I’ll get to that in a second. Curiously, BitLocker (this is Win 10 Home?!) was enabled. I was like “what’s that lock icon?” So I disabled BitLocker entirely and rebooted. Tried to boot Linux system from DVD again, still no go. It still doesn’t populate in /proc/partitions.

I’ll try in a bit.

fdisk -l doesn’t list my NVME 1TB SSD (which is my boot drive and runs Windows).

Just to make sure i understand this correctly:

You booted the openSUSE installation media and took the option “Boot from Hard Disk”? If so, then your openSUSE system must be accessible in some way.

Please if you are asked to run a command in a console then show the complete output (i.e. including the prompt, the command, the output and the next prompt) enclosed in CODE tags (that is the # button in the tool bar of the post editor).



First, no, I booted from rescue to run fdisk -l. Booting from “boot Linux” results in an error that it can’t find a Linux system.

Second, with all due respect, I can’t cut and paste when I’m using the same computer to do this, and I don’t want to sit there and type out a long UUID. I did the best I could. I’ve been helped with efibootmgr issues before (it was probably you, and thanks for helping me get my laptop running last time we were working on boot issues).

So I provided the basic idea of the information provided by efibootmgr.

About the closest thing I can do next time is take a picture. But if you’ll forgive me, what information in efibootmgr is important other than what boot entries?

Sorry but i do not understand how this

and this

fits together. Could you please explain this in more details.

Yes, the rescue system is not as comfortable as a full fledged DE. However if you can boot the rescue system you should be able to boot a live system as well (like and that will give you a graphical DE.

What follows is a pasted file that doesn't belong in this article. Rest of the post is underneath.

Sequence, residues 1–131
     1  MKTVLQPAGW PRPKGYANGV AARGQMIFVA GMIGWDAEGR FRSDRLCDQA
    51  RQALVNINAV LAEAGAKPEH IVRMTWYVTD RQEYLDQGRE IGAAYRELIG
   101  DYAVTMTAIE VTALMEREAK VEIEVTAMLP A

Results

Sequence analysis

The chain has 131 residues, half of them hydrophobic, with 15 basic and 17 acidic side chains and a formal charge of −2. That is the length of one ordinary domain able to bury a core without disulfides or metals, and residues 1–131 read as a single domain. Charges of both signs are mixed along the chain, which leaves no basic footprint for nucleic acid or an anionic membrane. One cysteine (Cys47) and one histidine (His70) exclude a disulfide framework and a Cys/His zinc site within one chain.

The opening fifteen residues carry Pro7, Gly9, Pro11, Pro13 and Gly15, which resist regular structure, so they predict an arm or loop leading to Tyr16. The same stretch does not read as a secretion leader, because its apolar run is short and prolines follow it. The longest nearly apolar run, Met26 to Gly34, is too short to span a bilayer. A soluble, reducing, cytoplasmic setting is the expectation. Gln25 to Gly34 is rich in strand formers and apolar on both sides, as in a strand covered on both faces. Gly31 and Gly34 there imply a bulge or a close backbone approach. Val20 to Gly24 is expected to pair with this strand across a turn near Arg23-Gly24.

The content of the entry (like which disk it points to)?

However i never asked you to provide results from efibootmgr (or even fdisk) but for the results of

# parted -l

and the main reason why i would like to see the detailed results is that i don’t know anything about your machine and still would like to help you to solve your problem.

But if you are not prepared to give me the information i need then i will not be able to help you. So it’s up to you to decide …



Does Windows still boot?

Could the Dell Utility delete the entries in the GPT so that it does not see the NVME device?

Can you put the NMVE in a USB 3 NVME device ( it will look like /dev/sdx not the normal NVME names ) and see the Linux partitions?

This is like I use but I have it with the 3.0 cable not 3.1

I don’t dual boot Windows on any Laptop - I use VirtualBox to created a Windows 10 machine within OpenSUSE.

That way Windows cannot break my OpenSUSE machine and I run religious weekly full tar backups so that I can restore my system should anything go wrong. I do daily deltas (files I change to a different computer - worse case is I loose a days work).